Within seconds of hearing Sir Paul McCartney singing "Blackbird" on the Ubiq Audio Model One, I knew it wasn't just another high-end speaker. Voices had a lot more body and sounded so much more like real live human voices. Instruments were also close to life-size, the Model Ones do scale like no other comparably sized and priced speaker. The Model One had my attention from the get-go -- it's that special.
Acoustic instruments' tonality was spot-on, bass ran deep, and the treble was clear, but never overemphasized. There's a sweetness to the Model Ones' sound that never failed to pull me in, with every music genre. Bass was downright muscular, you feel it as much as hear it!
The Model Ones can play stupid loud without straining, so I found myself playing music louder than I normally would, just for the thrill of it all. When I played Charles Wuorinen's "Percussion Symphony," which I saw in concert 10 years ago, at realistically loud volume the Model Ones really hit their stride. The all-percussion orchestra's chimes, marimbas, xylophone, cymbals, gongs, bells, glockenspiels, wood blocks, tambourine and lots and lots of drums were all given their full due. The sound was astonishing, simply and utterly astonishing.
So rock music, which never comes close to the dynamic range of this well-recorded percussion piece, would never threaten the Model One's composure. I'm stressing the Model One's freewheeling visceral capabilities because I have so rarely encountered speakers of the Model One's size and price ($16,000; £9,990 per pair) that can deliver this kind of power and glory.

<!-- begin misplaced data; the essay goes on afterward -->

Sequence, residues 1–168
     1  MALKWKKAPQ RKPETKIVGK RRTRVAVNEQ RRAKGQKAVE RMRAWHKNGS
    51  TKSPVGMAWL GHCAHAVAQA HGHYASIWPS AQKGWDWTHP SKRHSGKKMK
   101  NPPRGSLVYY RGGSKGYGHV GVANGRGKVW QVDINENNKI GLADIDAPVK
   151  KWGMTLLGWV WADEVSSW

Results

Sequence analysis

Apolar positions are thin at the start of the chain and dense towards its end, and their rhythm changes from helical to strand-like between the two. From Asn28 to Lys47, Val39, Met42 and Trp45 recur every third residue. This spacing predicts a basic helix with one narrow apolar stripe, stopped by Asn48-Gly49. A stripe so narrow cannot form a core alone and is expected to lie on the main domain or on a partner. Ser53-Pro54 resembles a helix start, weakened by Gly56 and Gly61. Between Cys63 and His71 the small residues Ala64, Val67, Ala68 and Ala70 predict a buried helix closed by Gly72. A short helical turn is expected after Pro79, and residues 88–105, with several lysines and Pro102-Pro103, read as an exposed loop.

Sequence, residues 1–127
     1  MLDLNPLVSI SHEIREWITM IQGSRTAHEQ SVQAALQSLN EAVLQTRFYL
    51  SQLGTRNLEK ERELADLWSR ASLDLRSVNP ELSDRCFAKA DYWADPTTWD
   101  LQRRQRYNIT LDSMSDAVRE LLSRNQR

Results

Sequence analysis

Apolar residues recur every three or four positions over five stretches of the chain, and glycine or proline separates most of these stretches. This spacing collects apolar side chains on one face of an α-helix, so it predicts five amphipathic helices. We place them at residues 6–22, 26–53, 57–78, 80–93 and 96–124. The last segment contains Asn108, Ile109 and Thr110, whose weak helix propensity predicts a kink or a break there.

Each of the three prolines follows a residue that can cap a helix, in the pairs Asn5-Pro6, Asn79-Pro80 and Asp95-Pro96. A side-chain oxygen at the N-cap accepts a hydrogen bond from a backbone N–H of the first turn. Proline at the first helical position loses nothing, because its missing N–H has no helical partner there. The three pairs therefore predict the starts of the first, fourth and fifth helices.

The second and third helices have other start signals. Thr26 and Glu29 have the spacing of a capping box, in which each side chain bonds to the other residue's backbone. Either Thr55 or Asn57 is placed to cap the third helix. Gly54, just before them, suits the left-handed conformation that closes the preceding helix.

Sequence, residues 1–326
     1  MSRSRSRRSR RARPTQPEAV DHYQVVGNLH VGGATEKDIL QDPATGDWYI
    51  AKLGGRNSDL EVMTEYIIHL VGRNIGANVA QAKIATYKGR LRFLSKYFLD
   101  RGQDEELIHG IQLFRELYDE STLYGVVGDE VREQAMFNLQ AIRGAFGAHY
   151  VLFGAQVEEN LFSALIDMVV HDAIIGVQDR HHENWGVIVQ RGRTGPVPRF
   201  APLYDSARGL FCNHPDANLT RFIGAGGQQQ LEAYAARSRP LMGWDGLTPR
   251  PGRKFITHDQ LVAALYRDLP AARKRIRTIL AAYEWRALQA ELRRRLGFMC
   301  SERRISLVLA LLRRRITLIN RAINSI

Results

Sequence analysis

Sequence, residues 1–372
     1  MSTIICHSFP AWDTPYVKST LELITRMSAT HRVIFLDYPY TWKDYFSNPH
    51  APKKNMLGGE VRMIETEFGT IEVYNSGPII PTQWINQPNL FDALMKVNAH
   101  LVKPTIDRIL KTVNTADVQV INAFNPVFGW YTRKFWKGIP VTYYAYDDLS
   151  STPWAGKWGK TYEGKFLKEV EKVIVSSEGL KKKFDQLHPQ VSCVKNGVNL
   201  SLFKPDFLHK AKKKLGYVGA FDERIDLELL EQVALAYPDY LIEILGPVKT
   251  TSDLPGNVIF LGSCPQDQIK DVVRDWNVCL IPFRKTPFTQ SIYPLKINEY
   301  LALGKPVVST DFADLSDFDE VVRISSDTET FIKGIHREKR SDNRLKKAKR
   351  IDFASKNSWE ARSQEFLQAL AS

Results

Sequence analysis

I went to Rhapsody Music & Cinema in New York City to listen to the Ubiq Audio Model One. It's a three-way design with a 12-inch (304mm) woofer, 8-inch (203mm) midrange driver, and a 1.5-inch (38mm) horn tweeter. Impedance is rated at 6 ohms. The big, handsomely constructed speaker's curve-sided cabinet stands 46 inches tall (1,180mm) and weighs 92.5 pounds (46kg). The Model One is available in white, black or walnut finishes. The speaker is engineered and hand-crafted in Slovenia.
The Model One is a real party animal. Play it as loud as you want, but it also sounded great turned down to hushed, late-night listening levels. Acoustic music sounded natural, so I definitely wouldn't rule it out for classical or jazz, but the Model One isn't as clear or transparent as Wilson Audio's Sabrina ($15,900 £15,000/pair) or Bowers & Wilkins' 803 D3 ($17,000, £12,500/pair) speakers. Those two also outrun the Model One's stereo imaging precision and bass definition.
No speaker I've heard, and I've heard a great many of the world's best speakers, get everything right, but the Model One's strengths of dynamic power, natural midrange and ability to play loud without distress are unmatched for the price. A smaller Ubiq tower, the Model One Mini, will be released soon, but the price has not yet been set.